This "Julius Caesar," set in a women's prison, started life when, in 2012, Josie Rourke became the first high-profile woman to be named artistic director of the Donmar Warehouse. "I wanted to celebrate the first time that a woman got the reins of what we would call a 'big hitter' in London theater," said Lloyd, "something that would make the women in the audience feel included.
"I started thinking that at least 50 percent of the roles would go to women," she said, clearly enjoying the memory. "Then I thought, 'To hell with that! Let's go the whole way.' It's not just about employment in the theater. It's about hearing women's voices at the center of things, literally giving them roles to play in life and art."
But this is more than a he-said/she-said debate. Both Lloyd and Carroll told me about the deep impact of single-gender Shakespeare. Lloyd said, "Somehow the themes of the play are thrown into stark relief when the right genders are not in the right roles. Sometimes, curiously, it makes patterns easier to see -- in this play ["Julius Caesar"], the themes of justice and freedom and tyranny."
Obviously, Carroll, with the force of theater history behind him, doesn't need to justify the all-male productions. But he said he feels strongly that the single-sex stagings "create a highly imaginative theatrical world. From the start, this is a very high level of make-believe. There is something spiritually right in Shakespeare telling audiences to imagine the layers of sexual complexity in 'Twelfth Night' . . . A female character played by a male, who spends most of the play pretending to be a boy. It's a sexual twist I'm sure Shakespeare had in mind when he wrote it."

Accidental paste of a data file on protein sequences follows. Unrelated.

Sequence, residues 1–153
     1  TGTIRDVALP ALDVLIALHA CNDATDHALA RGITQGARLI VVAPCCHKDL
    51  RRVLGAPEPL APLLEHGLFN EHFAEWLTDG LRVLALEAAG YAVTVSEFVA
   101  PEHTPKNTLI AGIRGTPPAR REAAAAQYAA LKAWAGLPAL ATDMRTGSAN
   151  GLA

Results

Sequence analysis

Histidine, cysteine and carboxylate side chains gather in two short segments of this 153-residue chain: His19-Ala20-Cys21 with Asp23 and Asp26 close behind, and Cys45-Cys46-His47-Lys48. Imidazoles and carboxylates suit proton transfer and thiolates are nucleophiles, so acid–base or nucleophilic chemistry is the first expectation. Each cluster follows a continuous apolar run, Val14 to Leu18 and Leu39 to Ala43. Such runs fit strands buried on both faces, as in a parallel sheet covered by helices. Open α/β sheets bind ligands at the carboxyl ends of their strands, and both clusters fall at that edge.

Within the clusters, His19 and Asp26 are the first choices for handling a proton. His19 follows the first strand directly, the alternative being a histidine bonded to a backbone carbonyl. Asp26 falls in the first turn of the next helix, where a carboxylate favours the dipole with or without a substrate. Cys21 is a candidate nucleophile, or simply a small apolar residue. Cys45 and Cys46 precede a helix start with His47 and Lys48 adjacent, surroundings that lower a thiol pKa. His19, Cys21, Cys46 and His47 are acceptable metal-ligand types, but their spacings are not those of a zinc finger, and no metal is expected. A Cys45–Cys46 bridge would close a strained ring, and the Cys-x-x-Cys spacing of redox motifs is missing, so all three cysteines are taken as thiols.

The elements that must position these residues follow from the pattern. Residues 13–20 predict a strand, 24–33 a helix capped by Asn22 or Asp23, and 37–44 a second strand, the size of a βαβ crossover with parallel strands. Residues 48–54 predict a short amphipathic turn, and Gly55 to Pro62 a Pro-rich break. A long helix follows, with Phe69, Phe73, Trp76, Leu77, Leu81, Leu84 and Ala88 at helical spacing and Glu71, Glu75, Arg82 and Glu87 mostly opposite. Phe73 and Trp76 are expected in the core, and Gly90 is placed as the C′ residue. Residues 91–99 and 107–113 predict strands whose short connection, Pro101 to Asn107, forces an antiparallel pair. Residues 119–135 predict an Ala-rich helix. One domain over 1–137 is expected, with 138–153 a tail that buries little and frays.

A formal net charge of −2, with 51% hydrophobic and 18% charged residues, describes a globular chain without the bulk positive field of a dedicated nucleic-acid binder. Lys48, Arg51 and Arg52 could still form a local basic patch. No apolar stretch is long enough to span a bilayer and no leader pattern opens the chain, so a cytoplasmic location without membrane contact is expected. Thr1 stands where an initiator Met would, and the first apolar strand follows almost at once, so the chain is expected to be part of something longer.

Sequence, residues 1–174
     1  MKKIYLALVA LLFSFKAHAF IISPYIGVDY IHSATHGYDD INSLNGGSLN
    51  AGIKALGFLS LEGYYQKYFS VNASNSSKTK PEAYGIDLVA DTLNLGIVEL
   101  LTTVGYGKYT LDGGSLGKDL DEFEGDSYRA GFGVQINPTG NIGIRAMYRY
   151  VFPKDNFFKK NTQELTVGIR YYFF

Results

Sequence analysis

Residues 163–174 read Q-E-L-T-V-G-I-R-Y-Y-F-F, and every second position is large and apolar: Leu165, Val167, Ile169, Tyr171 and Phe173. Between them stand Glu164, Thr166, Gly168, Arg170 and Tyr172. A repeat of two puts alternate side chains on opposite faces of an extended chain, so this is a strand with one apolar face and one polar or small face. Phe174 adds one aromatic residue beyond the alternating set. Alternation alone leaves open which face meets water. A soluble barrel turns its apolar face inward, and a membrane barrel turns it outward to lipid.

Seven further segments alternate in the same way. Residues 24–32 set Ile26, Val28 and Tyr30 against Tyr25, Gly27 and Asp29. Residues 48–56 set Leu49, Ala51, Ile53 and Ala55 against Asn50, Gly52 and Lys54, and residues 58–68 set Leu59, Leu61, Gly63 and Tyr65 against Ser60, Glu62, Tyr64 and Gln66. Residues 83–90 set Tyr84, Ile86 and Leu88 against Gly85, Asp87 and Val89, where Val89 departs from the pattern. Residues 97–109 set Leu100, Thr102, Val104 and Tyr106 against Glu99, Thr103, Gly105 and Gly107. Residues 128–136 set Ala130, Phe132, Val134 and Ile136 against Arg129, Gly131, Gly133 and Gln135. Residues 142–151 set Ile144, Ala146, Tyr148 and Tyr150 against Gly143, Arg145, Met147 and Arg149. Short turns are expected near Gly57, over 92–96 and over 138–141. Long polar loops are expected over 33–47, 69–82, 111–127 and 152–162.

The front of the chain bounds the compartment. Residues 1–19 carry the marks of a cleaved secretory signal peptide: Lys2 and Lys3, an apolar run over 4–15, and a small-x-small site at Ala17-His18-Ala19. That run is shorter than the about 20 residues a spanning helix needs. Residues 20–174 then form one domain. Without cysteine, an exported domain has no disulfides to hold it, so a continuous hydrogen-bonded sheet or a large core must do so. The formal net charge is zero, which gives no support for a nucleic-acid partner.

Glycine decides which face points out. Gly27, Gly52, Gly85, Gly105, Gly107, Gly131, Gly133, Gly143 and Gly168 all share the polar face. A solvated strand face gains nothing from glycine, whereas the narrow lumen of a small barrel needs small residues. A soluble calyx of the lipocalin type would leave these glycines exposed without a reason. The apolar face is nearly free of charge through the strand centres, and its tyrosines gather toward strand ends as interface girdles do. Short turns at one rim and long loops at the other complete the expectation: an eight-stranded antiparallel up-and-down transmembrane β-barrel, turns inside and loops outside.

I asked about the suspension of disbelief. Are we supposed to believe the men as women -- or the women as men? "I don't think the audience ever suspends disbelief in Shakespeare," he answered provocatively. "I don't think we're ever meant to forget we're watching a play in a theater. The audience is meant to enjoy the game."
And yet . . . in England, women actors have been so unamused by the paucity of roles -- not just in Shakespeare -- that, last year, Equity, the actors' union, asked Arts Council England, the national development agency for the arts, to monitor the imbalance of roles for men and women in subsidized theater. The union also called for action on gender stereotypes in theater and on TV, arguing that women are often relegated to "caring responsibilities, attractiveness or on perceptions of women as sex objects or victims."
Clearly, the all-male trend in England has sparked a backlash. Right now, the Globe has an all-female "Taming of the Shrew" in Singapore. And, lest we think women here have not noticed, two Off-Broadway companies -- Cake Productions and the New Ateh Theater Group -- are staging an all-woman production of Moliere's "The Learned Ladies" at Off-Broadway's Abingdon Theatre, through Oct. 19. Director Paul Urcioli said in a news release that Moliere's misogyny in the play is refocused with an all-female cast. It seems retro, if not a bit silly, to point out that the director is a man, so I won't.